.....Advertisement.....
.....Advertisement.....

Columns

  • First gentleman & second fiddle

    Ah, the men in Susana’s life. What to do with the first gentleman and the second fiddle? It’s a pesky problem.
    The first gentleman, Chuck Franco, is unique in New Mexico politics. We haven’t had a first gentleman before.
    Chuck is retired and so doesn’t have a job to go to every day. He was always at his wife’s side during the campaign, helping in anyway he could. But now what does he do?

  • The '87 truck isn't that swank

    I came to a sharp fork in the deeply rutted road of my life this fall.
    I had to decide if I would continue to limp around on Saturdays in my beloved but inefficient ’87 pickup, or sell it off to some poor soul in more need of it than I.
    My eight cylinder American-made truck has a relatively small engine in it, the most petite offered in its day.
    Still, you can feel the engine torque the body of the truck when you turn it on. Perhaps that’s why is gets only about a dozen miles to the gallon, and that’s at 50 mph with a strong tail wind.

  • Match employees with the right job to reap a win-win

    When it comes to hiring people, small businesses usually don’t have the resources of large corporations, which have human resources specialists who are trained to recruit employees and to monitor their performance with regular performance appraisals.
    A small-business owner usually has to rely on gut instincts, observation and pointed questions when hiring a new employee and thereafter has to monitor how the employee is doing to make sure she is a good fit for the job and is performing at the height of her abilities.

  • Appointees skate on thin ice

    Being a state employee at a time like this is no fun. The vast majority of state payrollers are protected by the state Personnel Act, which prevents new administrations from firing everyone as was the case before 1961.
    Although classified employees know they can’t be fired without cause, they still are very uneasy during a change in administration. It’s especially stressful when it involves a change in political party as it has during the last five gubernatorial elections.

  • This post is powerful

    Ray Powell’s winning campaign to “clean up the State Land Office” paralleled Susana Martinez’s winning campaign to clean up Santa Fe.
    Outgoing State Land Commissioner Pat Lyons groused, like the outgoing chief executive, that the candidate was campaigning against him and not the opponent.
    True on both counts.
    The campaign for state land commissioner, largely overshadowed by drama higher on the ballot, deserved more attention because it’s probably New Mexico’s second most powerful position.

  • More hits than misses

     New Mexico voters did their usual good job separating the wheat from the chaff when it came to the questions at the end of the November ballot.
    Predictably, they gave a sound thrashing to two constitutional amendments designed to give politicians a longer leash. They gave our veterans a couple more breaks. And they sent a message to our higher education system that it is getting out of hand.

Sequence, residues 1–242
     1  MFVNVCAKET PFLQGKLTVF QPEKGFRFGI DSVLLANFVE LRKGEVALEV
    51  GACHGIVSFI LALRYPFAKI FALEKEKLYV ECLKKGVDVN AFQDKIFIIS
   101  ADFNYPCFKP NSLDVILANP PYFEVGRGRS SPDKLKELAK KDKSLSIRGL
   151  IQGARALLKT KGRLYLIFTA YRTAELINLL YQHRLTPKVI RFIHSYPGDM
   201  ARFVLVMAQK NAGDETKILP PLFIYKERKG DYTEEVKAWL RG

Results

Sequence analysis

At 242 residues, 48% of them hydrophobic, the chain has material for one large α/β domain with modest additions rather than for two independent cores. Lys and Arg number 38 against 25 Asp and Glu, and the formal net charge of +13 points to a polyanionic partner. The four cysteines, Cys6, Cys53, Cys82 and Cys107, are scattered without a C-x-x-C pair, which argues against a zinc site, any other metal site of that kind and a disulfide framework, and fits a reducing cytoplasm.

• 'Give me liberty or give me death!'

    No man thinks more highly than I do of the patriotism, as well as abilities, of the very worthy gentlemen who have just addressed the house. But different men often see the same subject in different lights; and, therefore, I hope it will not be thought disrespectful to those gentlemen if, entertaining as I do opinions of a character very opposite to theirs, I shall speak forth my sentiments freely and without reserve. This is no time for ceremony. The question before the house is one of awful moment to this country.

  • Bingaman honors veterans

    Each Veterans Day is a solemn occasion when we, as a nation, reflect and show gratitude to those who have served or are currently serving in our military and the families who support them. On this Veterans Day, I’d especially like to thank New Mexico’s veterans for their commitment to protect our country and its interests. New Mexico has a long and proud history of military service, and we are honored to have many living testaments to American bravery in our state.

  • Not an indictment against Richardson? ... not much

    Shortly after Susanna Martinez overwhelmingly became the first Hispanic female elected governor in our nation’s history, the current Hispanic governor claimed his fingerprints were not found on the weapon.
    In the wake of Martinez’ eight-point win (54 to 46 percent) over Lt. Gov. Dianne Denish, Gov. Bill Richardson told reporters in Santa Fe that Election Day wasn’t an “indictment” of his years as governor.

  • Look in the right place

    My friend and I are discussing the legacy of Gov. Bill Richardson.
    Aside from all the controversies, what did he really do for New Mexico?
    “He finally got education reformed,” my friend says. “Replaced the old state school board with a cabinet secretary so there would be accountability.  Freed up money from the permanent fund so there would be money to improve pay for teachers. Got full-day kindergarten and pre-K. These ideas had been around for years and there was a huge coalition in support. Richardson got it done.”